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I am going to start this off by saying that this particular moment in time is, without a doubt, a deeply unique and unpredictable time in our lives. Regardless of the ongoing pandemic, we as university students are experiencing the 3-4 most unique and important years of our lives and this can be, in a word, stressful.

I know I can be perfectly content while drinking a cup of tea and suddenly be struck with the paralysing thought of my infinite reading lists and deadlines. Not to be dramatic, but stressing about these things truly can and does sometimes negatively affect my whole day, despite the fact that it will have achieved nothing other than to ruin a day I had set aside for me to relax. The most effective way that I have found to combat these sudden unwanted hits of cortisol is to practice meditation. I realise there are a lot of different misconceptions and connotations that come with the practice of meditation, but in this article I am going to attempt to break it down to its most basic components, allowing you to easily de-stress and reset your mind when you feel the anxiety creeping up on you. 

1.     Breathing

I would argue this is the single most important component of mastering meditation. Breathing is a way calming your body down and returning to your neutral, relaxed mindset – regardless of how scattered and overwhelmed you feel, studies have shown that a few deep, centring breaths are enough to help you feel human again. Box breathing is a specifically effective method of resetting your parasympathetic system – breathe in for four seconds through your nose, hold it for four seconds, then breathe out for four seconds. Repeat this one to three times for the best results.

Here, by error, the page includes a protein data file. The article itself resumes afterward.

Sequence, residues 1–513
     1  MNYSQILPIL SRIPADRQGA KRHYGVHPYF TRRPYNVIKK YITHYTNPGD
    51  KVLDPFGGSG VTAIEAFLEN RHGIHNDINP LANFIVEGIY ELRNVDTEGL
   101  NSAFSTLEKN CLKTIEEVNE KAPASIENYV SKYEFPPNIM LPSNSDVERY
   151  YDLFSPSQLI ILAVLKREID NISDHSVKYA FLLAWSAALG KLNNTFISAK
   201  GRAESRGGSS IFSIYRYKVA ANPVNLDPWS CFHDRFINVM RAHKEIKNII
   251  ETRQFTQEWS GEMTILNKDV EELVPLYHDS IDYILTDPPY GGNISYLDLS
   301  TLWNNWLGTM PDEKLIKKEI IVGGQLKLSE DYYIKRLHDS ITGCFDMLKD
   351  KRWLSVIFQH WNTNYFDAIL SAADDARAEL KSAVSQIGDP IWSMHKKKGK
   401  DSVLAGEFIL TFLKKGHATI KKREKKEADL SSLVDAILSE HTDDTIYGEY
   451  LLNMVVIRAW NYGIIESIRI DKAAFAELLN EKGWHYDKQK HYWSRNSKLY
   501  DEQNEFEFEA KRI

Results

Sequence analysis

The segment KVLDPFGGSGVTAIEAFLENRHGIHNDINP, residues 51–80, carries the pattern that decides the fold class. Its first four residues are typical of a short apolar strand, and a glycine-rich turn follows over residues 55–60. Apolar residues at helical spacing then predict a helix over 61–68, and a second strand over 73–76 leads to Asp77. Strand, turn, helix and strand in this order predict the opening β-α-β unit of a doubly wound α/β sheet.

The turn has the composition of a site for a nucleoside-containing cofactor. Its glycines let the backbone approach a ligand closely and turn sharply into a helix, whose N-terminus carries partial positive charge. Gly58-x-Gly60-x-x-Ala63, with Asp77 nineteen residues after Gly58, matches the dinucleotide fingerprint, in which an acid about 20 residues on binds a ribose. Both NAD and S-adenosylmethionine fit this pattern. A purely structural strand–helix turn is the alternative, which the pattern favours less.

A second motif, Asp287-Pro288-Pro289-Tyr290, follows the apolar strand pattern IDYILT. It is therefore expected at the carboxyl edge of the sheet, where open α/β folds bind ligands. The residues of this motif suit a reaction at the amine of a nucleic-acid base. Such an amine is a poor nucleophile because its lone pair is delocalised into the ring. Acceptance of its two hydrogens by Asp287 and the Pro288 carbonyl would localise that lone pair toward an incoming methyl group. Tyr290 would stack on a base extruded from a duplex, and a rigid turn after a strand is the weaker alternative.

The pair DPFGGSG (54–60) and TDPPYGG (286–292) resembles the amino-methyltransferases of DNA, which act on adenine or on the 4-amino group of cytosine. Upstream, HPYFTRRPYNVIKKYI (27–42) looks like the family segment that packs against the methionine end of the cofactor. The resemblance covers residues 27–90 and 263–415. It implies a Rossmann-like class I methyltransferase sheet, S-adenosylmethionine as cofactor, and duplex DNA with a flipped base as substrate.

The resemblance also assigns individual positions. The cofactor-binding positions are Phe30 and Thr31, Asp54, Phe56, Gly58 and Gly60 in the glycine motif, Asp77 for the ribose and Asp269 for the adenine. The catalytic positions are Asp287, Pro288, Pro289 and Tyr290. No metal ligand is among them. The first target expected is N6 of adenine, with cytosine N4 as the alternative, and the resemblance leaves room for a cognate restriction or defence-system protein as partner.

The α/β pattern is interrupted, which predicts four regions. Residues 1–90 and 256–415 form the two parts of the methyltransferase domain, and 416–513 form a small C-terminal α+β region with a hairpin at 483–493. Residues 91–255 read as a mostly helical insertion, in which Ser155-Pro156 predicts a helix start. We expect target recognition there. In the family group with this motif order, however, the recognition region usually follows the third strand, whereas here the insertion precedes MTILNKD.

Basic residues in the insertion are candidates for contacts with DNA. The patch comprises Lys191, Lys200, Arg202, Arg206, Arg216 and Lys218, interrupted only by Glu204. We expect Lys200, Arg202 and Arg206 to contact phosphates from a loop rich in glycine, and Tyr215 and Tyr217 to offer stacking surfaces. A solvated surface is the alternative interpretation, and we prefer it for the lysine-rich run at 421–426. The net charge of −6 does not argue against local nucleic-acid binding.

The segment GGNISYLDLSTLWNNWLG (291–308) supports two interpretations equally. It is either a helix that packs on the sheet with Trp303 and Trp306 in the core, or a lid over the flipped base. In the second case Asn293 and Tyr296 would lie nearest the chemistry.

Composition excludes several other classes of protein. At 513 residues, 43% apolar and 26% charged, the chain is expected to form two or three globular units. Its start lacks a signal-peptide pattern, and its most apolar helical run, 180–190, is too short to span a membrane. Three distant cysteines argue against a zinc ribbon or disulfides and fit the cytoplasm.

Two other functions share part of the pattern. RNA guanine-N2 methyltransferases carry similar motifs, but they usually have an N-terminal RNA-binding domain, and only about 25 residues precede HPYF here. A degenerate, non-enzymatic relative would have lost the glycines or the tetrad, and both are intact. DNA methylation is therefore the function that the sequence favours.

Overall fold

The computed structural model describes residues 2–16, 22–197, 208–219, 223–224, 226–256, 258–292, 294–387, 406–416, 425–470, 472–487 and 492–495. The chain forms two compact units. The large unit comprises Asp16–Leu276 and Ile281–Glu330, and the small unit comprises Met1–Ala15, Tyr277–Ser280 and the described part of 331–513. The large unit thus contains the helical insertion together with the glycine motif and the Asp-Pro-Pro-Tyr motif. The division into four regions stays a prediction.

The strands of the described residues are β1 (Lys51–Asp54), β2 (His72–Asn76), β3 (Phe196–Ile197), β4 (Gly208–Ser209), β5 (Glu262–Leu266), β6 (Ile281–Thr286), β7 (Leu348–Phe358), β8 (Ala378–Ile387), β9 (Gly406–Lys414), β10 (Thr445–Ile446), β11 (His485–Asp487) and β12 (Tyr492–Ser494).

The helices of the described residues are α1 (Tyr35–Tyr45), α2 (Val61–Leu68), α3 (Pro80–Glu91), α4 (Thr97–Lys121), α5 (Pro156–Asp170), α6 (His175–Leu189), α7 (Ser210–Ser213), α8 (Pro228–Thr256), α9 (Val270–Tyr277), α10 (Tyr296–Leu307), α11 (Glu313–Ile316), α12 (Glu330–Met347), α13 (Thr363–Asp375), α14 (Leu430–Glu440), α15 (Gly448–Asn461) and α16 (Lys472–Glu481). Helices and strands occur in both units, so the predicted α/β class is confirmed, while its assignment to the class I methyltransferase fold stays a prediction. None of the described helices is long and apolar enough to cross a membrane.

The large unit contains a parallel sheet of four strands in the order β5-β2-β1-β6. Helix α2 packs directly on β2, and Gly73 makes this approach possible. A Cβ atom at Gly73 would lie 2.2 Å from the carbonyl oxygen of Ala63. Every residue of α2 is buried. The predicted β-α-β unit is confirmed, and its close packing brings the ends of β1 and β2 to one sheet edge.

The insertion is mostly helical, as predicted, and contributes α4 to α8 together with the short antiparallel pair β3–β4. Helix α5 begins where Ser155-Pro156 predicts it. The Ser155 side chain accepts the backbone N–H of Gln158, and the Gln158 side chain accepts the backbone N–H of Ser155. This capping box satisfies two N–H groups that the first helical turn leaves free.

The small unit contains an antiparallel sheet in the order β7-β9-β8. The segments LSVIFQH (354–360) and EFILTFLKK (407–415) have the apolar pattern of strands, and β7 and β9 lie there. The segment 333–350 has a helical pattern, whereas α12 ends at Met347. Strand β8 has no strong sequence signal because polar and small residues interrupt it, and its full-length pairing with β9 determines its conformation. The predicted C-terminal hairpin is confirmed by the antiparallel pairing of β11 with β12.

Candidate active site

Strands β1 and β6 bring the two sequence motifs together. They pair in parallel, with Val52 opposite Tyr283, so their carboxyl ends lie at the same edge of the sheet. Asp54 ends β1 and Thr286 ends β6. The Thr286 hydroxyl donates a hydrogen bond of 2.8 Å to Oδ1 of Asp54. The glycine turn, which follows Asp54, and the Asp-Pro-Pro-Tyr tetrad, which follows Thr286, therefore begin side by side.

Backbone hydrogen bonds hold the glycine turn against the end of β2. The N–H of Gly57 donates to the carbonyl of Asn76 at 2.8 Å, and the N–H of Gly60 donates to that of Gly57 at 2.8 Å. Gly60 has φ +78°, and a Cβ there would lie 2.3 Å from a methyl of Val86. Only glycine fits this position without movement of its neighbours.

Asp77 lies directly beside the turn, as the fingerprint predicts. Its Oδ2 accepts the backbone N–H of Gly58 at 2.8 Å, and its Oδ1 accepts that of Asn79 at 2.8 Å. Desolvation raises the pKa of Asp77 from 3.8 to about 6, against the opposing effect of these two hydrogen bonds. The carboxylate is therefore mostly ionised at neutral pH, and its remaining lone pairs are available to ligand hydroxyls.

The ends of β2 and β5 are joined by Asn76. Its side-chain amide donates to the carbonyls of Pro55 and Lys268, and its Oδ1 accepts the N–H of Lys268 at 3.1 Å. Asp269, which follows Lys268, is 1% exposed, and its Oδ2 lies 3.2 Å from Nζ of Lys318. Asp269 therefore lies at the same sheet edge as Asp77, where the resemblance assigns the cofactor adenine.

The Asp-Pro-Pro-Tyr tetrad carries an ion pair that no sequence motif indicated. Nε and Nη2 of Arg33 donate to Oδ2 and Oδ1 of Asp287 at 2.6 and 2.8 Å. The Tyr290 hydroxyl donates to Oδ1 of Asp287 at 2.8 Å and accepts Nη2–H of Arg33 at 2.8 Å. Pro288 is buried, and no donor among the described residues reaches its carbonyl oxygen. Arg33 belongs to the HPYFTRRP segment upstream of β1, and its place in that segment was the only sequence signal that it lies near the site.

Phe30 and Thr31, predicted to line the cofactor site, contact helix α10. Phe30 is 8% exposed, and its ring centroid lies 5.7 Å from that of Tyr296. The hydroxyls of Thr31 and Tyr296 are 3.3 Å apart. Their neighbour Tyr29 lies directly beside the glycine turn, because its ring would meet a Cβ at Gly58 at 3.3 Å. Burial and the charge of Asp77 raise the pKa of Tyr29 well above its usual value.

2.     Create an atmosphere

As students, our internal worlds are almost always stressed about one thing or another – it’s our default setting (or at least mine). Having a clean and organised external world can often be exactly what we need to be able to sift through our thoughts and feelings without being overwhelmed by messy and disorganised external stimuli. Cleaning up does not have to involve anything fancy, choose something as simple as making your bed as this often spruces up any room and gives it the illusion of cleanliness. Choose a candle that makes you feel calm and centred, light it, and revel in the serenity of a subtle but substantial change, which will allow you to feel more in control. 

3.     Dress comfortably

Since this pandemic began, I can count on one hand the number of times I have put on skinny jeans, and let me tell you, it has been freeing. As such, when choosing to sit cross-legged (or whatever your preferred sitting position is) on the floor, you want to be as comfortable and loose as possible, which is hard when you can feel the clasp of your jeans digging into you. Sweatpants and a comfortable t-shirt is a simple and easy option, but if you want to go the extra mile, a matching yoga set works great too. 

4.     Solitude

Second to breathing, ensuring you are alone is essential to the art of meditation, as the only way to really connect with your inner self is to eliminate all possible external stimuli. Background noises are out of your control, but when you can, ensure you are the only person in the room when you begin meditating as having distracting noises or unwanted energy within the room can interrupt your concentration. Being alone with yourself is hard, but that is precisely what makes it so important.

These four tips are the simplest ways to get you started on your journey to mastering meditation. While it may seem scary at first to be truly alone with yourself, I think you will soon realise that space inside you is the most tranquil and calming place you can be when you feel overwhelmed by factors in your life, regardless of whether your concerns are school, personal life or when all this uncertainty will finally end. 

UCL Mindfulness Society holds guided meditation sessions every Tuesday, so be sure to check them out if a guided meditation is exactly what you need to end a stressful day. 



Zahra Hasnain

UC London '22

Born in Pakistan and living in London, I am a BA Comparative Literature student at UCL with a particular interest in philosophy, fashion and food! I strongly believe identity goes far beyond culture and circumstance, it is an amalgamation of our actions, the things we love and the people we choose to be. I am proud to be President and Editor in Chief of this year's Her Campus issue and am excited to showcase an authentic and empowered female experience.
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